Hole in the Wall came about, as most business do, from the desire for something that wasn’t readily available. When I first relocated to NY, there weren’t many quality coffee shops. Not like how I knew quality anyway. Over time I realized there was more demand for not only quality coffee but also quality healthy food and that drove the expansion. There isn’t a whole lot of gimmick at Hole in the Wall, we just strive to deliver quality food and drink, with great service, in a quick manner at an affordable price. The main differential is we use interesting spaces to maximize our appeal, unique and smaller locations that can be multipurpose for breakfast, dinner, events, or a bar. The long-term vision for the company is scalability. We plan to expand our model in to coffee distribution in the near future which will allow us to scale at a far more rapid rate.
What's next for the Business in the near future?
We have just signed a new lease for our latest location in Midtown East. Two new stores and a roaster will follow this, next year. The new stores will likely be in Chicago and Miami. We are planning on expanding to newer markets.
Your key initiatives for the success of the Business?
The main reason expansion is difficult is quality control. How do you expand and keep the quality control over the whole business? That I guess is my main goal, to discover how best to do this. I believe controlled expansion rather than mass and rapid is the best route. I think implementing a company wide system and method is super important. The most important thing by far is the people you hire to support you. To believe you can grow by yourself, or think that you know best is the quickest downfall for any business.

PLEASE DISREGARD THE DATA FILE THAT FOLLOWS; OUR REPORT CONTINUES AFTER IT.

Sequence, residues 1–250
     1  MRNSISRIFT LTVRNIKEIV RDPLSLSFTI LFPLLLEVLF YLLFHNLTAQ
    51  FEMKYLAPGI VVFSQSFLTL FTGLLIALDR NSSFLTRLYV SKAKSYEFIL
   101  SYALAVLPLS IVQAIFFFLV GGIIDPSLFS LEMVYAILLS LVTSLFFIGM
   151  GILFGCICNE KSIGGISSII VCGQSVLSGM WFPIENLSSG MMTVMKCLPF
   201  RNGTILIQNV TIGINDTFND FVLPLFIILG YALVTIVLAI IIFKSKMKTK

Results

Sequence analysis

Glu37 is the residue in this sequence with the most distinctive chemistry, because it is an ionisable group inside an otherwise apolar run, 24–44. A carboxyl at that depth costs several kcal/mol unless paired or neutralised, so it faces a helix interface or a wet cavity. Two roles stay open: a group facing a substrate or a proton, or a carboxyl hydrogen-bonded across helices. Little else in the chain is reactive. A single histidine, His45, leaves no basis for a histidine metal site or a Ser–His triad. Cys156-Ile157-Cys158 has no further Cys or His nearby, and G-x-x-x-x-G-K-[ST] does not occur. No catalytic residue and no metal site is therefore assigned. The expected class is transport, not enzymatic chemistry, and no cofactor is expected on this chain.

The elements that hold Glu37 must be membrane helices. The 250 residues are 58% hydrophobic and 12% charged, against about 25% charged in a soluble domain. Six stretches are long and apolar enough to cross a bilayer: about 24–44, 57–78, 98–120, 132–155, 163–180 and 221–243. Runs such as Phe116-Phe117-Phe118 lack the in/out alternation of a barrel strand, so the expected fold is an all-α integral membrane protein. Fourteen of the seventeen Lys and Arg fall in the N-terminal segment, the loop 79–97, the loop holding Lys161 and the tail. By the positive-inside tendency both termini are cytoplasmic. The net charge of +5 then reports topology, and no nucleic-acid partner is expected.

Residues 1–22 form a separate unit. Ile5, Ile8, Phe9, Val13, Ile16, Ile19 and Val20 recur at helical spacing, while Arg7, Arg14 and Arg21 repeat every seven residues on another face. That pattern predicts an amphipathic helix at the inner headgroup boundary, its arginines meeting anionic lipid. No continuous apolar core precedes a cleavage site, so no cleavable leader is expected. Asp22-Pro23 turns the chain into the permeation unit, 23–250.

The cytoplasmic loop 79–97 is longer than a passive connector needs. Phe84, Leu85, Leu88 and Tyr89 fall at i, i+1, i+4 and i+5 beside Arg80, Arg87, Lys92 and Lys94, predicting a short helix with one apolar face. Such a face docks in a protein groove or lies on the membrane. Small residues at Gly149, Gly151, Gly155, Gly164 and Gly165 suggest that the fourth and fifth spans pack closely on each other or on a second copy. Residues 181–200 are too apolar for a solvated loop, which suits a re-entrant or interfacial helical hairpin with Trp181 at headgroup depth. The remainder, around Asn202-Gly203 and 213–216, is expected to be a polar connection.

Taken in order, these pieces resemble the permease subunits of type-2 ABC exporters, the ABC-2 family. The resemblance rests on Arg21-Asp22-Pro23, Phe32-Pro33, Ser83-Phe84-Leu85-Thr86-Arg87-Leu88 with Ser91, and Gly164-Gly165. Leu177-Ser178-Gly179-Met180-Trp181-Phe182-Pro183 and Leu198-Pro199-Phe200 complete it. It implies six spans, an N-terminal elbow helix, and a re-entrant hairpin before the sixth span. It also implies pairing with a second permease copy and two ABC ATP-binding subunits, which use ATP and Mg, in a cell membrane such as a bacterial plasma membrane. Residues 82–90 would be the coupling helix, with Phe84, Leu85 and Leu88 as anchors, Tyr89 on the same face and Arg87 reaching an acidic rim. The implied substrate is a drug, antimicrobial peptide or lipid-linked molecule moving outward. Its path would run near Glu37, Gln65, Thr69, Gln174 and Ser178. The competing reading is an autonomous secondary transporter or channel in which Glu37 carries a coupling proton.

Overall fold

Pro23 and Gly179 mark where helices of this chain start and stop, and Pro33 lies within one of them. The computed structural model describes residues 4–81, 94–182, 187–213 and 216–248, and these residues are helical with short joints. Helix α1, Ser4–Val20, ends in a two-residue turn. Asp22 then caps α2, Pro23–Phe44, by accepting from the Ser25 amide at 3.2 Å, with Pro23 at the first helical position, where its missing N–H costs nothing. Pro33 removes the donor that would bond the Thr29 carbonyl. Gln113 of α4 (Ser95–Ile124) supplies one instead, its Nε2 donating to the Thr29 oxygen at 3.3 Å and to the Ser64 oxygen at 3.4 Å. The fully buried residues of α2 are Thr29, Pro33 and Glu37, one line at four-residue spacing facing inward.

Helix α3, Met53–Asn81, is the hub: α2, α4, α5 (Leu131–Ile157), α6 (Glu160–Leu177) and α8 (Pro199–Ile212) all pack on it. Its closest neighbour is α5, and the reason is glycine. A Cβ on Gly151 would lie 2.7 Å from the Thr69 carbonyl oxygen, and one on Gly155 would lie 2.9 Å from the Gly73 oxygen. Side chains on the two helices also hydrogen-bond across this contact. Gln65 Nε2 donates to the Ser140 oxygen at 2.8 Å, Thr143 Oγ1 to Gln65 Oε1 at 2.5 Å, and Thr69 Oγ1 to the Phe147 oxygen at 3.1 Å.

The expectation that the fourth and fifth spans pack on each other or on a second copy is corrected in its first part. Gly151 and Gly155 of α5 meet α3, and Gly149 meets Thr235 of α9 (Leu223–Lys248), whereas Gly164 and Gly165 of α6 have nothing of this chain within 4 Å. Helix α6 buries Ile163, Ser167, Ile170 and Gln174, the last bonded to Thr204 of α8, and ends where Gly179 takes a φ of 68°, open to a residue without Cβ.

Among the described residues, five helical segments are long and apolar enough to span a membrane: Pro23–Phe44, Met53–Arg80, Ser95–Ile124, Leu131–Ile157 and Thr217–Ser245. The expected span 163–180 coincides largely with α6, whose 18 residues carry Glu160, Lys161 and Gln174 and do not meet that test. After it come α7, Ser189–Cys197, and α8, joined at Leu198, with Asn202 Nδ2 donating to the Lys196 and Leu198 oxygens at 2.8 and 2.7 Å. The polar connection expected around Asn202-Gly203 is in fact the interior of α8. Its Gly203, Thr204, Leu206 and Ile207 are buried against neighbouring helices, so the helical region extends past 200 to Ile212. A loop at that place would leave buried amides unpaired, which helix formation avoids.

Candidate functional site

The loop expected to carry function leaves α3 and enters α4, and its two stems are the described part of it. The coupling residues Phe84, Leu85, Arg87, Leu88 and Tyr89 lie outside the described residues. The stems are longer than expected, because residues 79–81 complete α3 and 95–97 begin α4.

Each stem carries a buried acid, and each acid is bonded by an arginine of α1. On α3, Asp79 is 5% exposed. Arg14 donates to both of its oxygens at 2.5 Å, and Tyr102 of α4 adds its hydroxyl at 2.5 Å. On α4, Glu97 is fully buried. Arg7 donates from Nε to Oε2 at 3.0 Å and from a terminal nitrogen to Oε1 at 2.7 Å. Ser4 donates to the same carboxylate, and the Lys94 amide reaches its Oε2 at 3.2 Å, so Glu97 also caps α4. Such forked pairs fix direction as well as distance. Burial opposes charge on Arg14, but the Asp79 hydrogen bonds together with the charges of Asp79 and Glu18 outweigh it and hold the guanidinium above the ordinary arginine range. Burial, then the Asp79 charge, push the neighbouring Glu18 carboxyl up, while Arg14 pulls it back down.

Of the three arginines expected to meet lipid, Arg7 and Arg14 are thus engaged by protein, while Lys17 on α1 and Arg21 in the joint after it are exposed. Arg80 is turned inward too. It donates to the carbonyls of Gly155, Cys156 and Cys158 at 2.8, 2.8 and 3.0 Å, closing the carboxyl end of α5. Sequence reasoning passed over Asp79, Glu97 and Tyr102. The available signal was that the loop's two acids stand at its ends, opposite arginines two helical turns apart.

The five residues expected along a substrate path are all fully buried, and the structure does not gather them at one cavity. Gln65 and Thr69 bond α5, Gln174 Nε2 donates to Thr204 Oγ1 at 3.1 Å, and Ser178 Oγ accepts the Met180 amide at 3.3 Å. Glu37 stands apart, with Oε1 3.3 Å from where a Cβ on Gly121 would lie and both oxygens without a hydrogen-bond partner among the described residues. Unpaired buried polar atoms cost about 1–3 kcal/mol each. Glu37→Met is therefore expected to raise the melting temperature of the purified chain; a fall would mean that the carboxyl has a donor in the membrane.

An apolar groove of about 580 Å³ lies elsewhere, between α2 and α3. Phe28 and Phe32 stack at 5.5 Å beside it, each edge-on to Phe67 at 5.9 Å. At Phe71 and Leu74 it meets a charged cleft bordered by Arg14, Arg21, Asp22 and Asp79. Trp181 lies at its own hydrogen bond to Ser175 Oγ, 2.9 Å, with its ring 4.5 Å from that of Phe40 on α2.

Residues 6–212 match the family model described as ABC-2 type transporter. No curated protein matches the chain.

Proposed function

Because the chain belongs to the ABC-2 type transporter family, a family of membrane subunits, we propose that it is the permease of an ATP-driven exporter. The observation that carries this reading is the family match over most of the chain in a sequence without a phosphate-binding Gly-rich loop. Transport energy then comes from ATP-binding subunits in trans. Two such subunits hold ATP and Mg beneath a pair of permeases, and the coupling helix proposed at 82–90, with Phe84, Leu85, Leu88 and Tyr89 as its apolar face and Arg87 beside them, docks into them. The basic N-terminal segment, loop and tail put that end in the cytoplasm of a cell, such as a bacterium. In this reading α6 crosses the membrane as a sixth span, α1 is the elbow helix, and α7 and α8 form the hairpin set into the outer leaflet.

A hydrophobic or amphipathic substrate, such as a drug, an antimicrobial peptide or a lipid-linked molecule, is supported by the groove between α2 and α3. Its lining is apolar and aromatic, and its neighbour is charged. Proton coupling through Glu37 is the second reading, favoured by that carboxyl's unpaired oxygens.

Your most difficult moment at the Business? (and what did you learn?)
It was a tough first year. You always hear everyone say most small businesses fail in their first year. Well that was certainly true for us. Learning that driving revenue is not the only way to survive, learning to adapt, learning to put your pride aside and admit that some of your choices were wrong are all things that I learnt in that first year. When you come out the other side it almost makes it much sweeter. To literally only eat at work and to rent out your apartment and stay with friends because of money issues really makes success all the more better.
Ideal experience for a customer/client?
I think it’s almost better to see a customer enjoying their experience rather than them telling you. There is no lying when you can physically see someone’s enjoyment. The ideal experience for a customer is providing a tailored experience. Every customer wants something different when they come to Hole in the Wall and that is what we try to provide. I want my customers to enjoy the time they are here whether that be for a minute getting a takeaway coffee or having brunch with all their friends so that means adapting and understanding each customer individually.
How do you motivate others?
Probably the most difficult question so far. Having such a labor intensive business means you need to motivate different staff in different ways. Your management staff are often motivated through their ability to learn and grow where as your servers and dishwashers are motivated through money. Its about finding out what motivates different people and trying to apply that. Motivation is key to staff happiness and its important to keep staff happy to be able to gain any momentum.
Career advice to those in your industry?
Hospitality is hard. Make sure it’s exactly what you want to do for the rest of your life because it is all encompassing.